Rubber roofing drainage

In this article they use EPDM rubber roofing material.

I wouldn't hesitate to use this or creative alternatives, but I wouldn't consider this as a "waterproof/roof" system. I would consider it rain-proof where it diverts rain and rain-runoff from underneath the deck.

Retail deck drainage

There are products available that are designed for this as well. Like Timbertech Dryspace for example.

Timbertech Dryspace

My opinion

Using either a site-built or retail product, I still wouldn't store anything under there that would be ruined from getting a little bit of moisture now and then.

If you want a real waterproof roof, then build it as a code-approved roof with code-approved materials installed how they were intended to be installed.


One potential issue I can think of right off the bat is that dirt and debris will collect in there, so do you have a plan on cleaning this out? You will need access from time to time to at least stick a hose at the highest part to rinse it out.

Another potential issue is that this would limit the airflow and potentially increase the humidity between the decking and drainage material. This could contribute to things like cupping or premature finish failure on wood decking.

Real Roof (info as requested in comments)

60mil vinyl can be considered an approved roofing surface. You would use something like this if you are not putting another surface over the deck.

enter image description here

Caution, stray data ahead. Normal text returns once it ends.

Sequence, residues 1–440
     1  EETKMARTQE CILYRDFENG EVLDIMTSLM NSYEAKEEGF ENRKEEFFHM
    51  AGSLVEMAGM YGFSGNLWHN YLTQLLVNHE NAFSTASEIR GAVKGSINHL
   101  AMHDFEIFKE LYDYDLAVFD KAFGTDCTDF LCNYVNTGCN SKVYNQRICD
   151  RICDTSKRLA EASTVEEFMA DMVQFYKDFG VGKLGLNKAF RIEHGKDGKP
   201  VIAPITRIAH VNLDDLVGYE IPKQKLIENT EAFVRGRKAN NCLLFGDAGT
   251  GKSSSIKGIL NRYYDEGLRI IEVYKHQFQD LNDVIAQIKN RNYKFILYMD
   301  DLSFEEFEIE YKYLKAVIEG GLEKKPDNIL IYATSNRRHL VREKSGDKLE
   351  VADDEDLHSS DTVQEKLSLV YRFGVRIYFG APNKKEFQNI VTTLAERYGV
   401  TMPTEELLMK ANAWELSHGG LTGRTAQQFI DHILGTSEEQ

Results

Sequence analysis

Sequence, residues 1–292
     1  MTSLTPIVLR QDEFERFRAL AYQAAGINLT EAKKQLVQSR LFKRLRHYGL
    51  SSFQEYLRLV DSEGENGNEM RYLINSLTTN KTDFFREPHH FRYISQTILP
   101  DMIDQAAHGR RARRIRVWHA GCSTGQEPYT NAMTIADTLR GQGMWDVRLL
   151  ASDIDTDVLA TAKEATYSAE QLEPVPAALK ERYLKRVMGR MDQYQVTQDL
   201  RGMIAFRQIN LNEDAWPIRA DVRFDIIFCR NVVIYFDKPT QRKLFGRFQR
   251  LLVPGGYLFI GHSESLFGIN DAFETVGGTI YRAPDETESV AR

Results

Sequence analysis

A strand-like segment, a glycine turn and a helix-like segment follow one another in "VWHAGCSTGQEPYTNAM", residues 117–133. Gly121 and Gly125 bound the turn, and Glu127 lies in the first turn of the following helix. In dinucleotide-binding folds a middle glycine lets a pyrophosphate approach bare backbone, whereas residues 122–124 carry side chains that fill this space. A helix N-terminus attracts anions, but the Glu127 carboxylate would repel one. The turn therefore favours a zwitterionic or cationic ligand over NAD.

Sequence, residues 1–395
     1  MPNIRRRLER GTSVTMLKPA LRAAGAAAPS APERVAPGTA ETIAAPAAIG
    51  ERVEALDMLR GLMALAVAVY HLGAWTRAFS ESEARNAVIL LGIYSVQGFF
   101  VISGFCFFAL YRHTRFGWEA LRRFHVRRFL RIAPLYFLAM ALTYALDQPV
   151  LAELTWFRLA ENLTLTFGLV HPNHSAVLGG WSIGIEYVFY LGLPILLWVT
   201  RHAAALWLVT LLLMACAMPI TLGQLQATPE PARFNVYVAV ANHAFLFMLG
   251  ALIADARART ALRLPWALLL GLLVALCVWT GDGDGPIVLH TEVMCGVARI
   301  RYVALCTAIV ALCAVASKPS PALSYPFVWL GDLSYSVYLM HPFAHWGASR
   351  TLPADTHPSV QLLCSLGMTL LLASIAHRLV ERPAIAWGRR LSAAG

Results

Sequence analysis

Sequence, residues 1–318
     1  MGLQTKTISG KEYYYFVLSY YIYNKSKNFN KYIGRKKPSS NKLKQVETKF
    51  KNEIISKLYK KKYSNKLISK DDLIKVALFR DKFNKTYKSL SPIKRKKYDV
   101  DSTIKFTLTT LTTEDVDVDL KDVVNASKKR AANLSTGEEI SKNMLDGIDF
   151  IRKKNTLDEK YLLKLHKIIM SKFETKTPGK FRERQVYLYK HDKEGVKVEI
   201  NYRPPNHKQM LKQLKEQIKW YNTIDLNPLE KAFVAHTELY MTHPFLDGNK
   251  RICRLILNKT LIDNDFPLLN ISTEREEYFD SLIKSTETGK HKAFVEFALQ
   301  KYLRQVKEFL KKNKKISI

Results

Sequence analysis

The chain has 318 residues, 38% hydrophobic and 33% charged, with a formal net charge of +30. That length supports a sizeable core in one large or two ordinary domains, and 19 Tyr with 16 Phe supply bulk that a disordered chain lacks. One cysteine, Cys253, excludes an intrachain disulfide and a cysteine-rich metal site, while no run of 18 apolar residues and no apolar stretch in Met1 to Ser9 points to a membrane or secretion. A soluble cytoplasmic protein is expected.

Another roofing option (if you wanted to add wood planks) would be to do flat roof (i prefer a torch-down roof): then build panels out of your deck surface, or attach the decking to sleepers (see image below), or use wood tiles

Torch-down sleeper deck

  • Thank you for the link to the fine homebuilding article! I knew this setup must have been used before. Rubber is a great idea. I'm going to be storing things like lawnmowers and chainsaws under there. I'd guess the climate of under a deck on par with a shed at least, would you say that's reasonable? I'll also be installing some deck skirting, to prevent sideways rain
    – kavisiegel
    Mar 21, 2014 at 16:30
  • Regarding the REAL waterproof roof deck, do you have any links to anything on that? I guess I'm just intimidated by it. As far as the issues.. The article with the rubber suggested srewing in the last few planks so they're removable to allow cleaning. I'll likely do that if I do this. Airflow.. I can see that as an issue too. I suppose a solution for it would be a more dramatic slope of the rubber material?
    – kavisiegel
    Mar 21, 2014 at 16:35
  • real roof info added to answer Mar 21, 2014 at 16:54
  • there is not much you could do to help airflow other than maybe increase the gaps, or add some ugly venting. Just research the decking and finish materials to see if there are any clearance or airflow requirements. I wouldn't worry too much if using western red cedar, but the choice of stain/finish would be critical and need to read the technical data sheets. Mar 21, 2014 at 17:00